This kind of thing invariably makes me appreciate my spouse a little more, the relative insignificance of our complaints.  Our friend’s trouble didn’t lead us to take a weekend away just for ourselves – we had planned to do it anyway – but it did form part of the background as we firmed up our plans to go.

We decided to go to a unique bed and breakfast, an urban homestead which practices some truly sustainable living practices that we find inspiring and would like to learn from.  It was just an hour and a half away, and we were gone just over 24 hours in total, but we had to pull out the stops for childcare, with my mother, my sister, and my in-laws all pitching in.  I did the planning and the packing and the shipping of children while my husband was at work (I picked him up there) and I confess that by the time we were starting our trip, I was tired.

But of course it was worth it.  Even the drive offered wide expanses of time to talk, uninterrupted.  The accommodation was simple and lovely, the hostess warm and informative, and we soaked up the tour she gave of her house and farm.  It was an unusually mild winter weekend, so my husband and  walked long into the night, and more during the day, taking in new surroundings, eating meals that were, again, uninterrupted.  We made some exciting plans.  It felt good.

Yet still I find myself thinking about my friend, the one whose marriage wouldn’t have been fortified by any number of weekend jaunts.  I know she will find her way through the mess.  But she’s no statistic, and until she comes out on the other end of this, I’m sending her whatever wishes of comfort and strength that I can.

Getaway: Amelia Island, Florida

It sounds somewhat juvenile to say, but my parents are the greatest parents and they have segued to being the greatest grandparents.   It’s because of them and that my husband and I are able to take regular getaways just the two of us.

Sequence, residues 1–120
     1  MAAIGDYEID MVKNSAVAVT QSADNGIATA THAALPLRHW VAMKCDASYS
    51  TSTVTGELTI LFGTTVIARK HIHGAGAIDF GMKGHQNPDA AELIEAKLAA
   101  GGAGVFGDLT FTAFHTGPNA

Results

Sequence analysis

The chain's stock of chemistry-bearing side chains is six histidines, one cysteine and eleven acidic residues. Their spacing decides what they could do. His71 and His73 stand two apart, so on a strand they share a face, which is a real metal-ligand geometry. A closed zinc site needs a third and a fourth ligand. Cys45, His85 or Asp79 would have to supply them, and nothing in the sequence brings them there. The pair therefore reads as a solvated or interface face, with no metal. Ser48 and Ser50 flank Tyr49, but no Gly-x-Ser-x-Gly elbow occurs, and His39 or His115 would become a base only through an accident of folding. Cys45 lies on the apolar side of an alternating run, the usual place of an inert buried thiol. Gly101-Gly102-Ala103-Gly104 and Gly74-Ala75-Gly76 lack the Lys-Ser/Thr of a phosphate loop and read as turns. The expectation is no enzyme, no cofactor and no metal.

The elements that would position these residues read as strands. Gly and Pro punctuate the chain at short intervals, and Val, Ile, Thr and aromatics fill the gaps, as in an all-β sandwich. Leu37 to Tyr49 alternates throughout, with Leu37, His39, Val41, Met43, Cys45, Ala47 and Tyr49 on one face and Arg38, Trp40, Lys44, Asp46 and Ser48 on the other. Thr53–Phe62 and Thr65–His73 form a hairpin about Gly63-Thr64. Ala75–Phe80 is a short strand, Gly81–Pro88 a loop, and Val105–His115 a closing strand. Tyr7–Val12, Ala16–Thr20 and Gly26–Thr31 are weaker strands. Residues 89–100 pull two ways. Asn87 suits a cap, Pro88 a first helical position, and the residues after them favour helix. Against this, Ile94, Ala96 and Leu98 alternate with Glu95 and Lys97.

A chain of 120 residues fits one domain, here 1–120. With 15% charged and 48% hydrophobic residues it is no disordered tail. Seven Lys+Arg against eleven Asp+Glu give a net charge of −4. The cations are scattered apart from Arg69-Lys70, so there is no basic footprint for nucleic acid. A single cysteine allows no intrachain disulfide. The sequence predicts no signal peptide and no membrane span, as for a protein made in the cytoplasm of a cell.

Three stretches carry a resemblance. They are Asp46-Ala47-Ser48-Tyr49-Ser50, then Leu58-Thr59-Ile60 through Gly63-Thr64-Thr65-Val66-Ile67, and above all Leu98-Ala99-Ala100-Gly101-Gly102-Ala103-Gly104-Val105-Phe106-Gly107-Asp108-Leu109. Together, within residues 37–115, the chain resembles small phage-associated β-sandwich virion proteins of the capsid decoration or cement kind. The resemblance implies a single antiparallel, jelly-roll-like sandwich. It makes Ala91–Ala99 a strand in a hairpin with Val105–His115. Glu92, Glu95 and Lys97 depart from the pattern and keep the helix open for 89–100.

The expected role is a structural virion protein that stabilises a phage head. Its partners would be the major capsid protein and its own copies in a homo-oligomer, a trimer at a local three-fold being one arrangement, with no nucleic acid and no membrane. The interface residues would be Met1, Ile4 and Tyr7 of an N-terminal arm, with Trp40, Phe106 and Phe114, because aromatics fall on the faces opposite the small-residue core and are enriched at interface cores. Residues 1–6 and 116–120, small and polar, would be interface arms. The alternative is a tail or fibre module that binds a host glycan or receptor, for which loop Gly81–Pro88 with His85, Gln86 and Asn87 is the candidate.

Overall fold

This summer we took a 5-day trip to Amelia Island, Florida.  This tiny island with pristine water and sandy beaches has a rich and diverse history.  Hundreds of years ago, Fernandina Beach was an established seaport and evidence of the glory days can be found in the luxurious Victorian style homes that line the charming historic downtown.

Today shrimping boats can be seen dredging the ocean floor each morning and by dinner the fruits of the sea have made their way to your plate at one of the downtown’s quaint restaurants.

While an emphasis is on seafood, diners can find everything to eat on the island.  From the high-end boutique-style restaurants like The Ritz Carlton’s Salt to Sliders where the locals go for fresh grub and arguably the best ocean view.  Wherever you choose to eat you can be assured that the menu will give a nod to Amelia Island’s Spanish roots.

There is plenty to do on the island that will work up your appetite.  From chartered fishing expeditions, to scenic bike rides and miles of inviting sandy beaches, Amelia Island offers something for everyone.  On my to-do list when I return is a guided kayak or paddleboard tour through the scenic wetlands that is home to herons, egrets, turtles and many other native species.

Whether you want to pitch a tent on one of the numerous campsites in the area, be hosted by a bed and breakfast or patron one of the many motels, hotels and resorts, Amelia Island has got somewhere for you to lay your head at night.

For more information on Amelia Island that has been rated a favourite with Conde Nast and 1000 Places To See Before You Die, visit www.ameliaisland.com

Photo credit: http://www.ameliaislandliving.com

 

A Weekend Getaway: Marineland, Niagara Falls, Ontario

Looking for a summer weekend activity with the kids?  We recently took a road trip to Niagara Falls, Ontario to take in the scenery and spend a day at Marineland.

Marineland is an amusement park that features marine animals.  Visitors can view the aquatic shows, at no additional cost, that are scheduled throughout the day and visit whales and dolphins up close in viewing pens.

John Holer, a Slovenian immigrant who worked in circuses across Europe before coming to Canada, originally founded Marineland.  He opened Marineland in 1961 and continues to be heavily involved with seeing out his vision of creating an interactive environment for people to get up close with and learn about marine animals.

The live show did not disappoint and the opportunity to learn about the animals from the keepers was unique.  How many of us can say they were an arm’s length from an Orca?  The boys spent much of the day on the rides.  There are many rides for children and teenagers alike and the queues moved quickly and orderly.  The highlight of the park was the gift shop.  Despite the collection of standard issue, run of the mill, garbage toys (that cost a small fortune) the shop houses an impressive collection of books and art projects.